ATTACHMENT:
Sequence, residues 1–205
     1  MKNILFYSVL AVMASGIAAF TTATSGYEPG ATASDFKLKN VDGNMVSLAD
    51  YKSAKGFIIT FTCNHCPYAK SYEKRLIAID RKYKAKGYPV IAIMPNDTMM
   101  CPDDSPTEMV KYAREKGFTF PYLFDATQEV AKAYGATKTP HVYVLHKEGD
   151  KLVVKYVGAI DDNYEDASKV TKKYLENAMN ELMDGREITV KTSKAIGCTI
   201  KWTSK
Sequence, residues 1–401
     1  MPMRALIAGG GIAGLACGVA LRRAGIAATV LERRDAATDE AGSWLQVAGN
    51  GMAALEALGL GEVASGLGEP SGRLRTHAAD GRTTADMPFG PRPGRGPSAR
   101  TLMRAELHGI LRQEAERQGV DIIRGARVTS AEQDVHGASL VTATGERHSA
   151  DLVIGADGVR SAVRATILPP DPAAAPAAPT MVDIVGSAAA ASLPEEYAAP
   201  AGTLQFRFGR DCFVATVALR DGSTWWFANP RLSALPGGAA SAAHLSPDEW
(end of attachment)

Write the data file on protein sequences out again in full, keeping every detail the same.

Sequence, residues 1–205
     1  MKNILFYSVL AVMASGIAAF TTATSGYEPG ATASDFKLKN VDGNMVSLAD
    51  YKSAKGFIIT FTCNHCPYAK SYEKRLIAID RKYKAKGYPV IAIMPNDTMM
   101  CPDDSPTEMV KYAREKGFTF PYLFDATQEV AKAYGATKTP HVYVLHKEGD
   151  KLVVKYVGAI DDNYEDASKV TKKYLENAMN ELMDGREITV KTSKAIGCTI
   201  KWTSK
Sequence, residues 1–401
     1  MPMRALIAGG GIAGLACGVA LRRAGIAATV LERRDAATDE AGSWLQVAGN
    51  GMAALEALGL GEVASGLGEP SGRLRTHAAD GRTTADMPFG PRPGRGPSAR
   101  TLMRAELHGI LRQEAERQGV DIIRGARVTS AEQDVHGASL VTATGERHSA
   151  DLVIGADGVR SAVRATILPP DPAAAPAAPT MVDIVGSAAA ASLPEEYAAP
   201  AGTLQFRFGR DCFVATVALR DGSTWWFANP RLSALPGGAA SAAHLSPDEW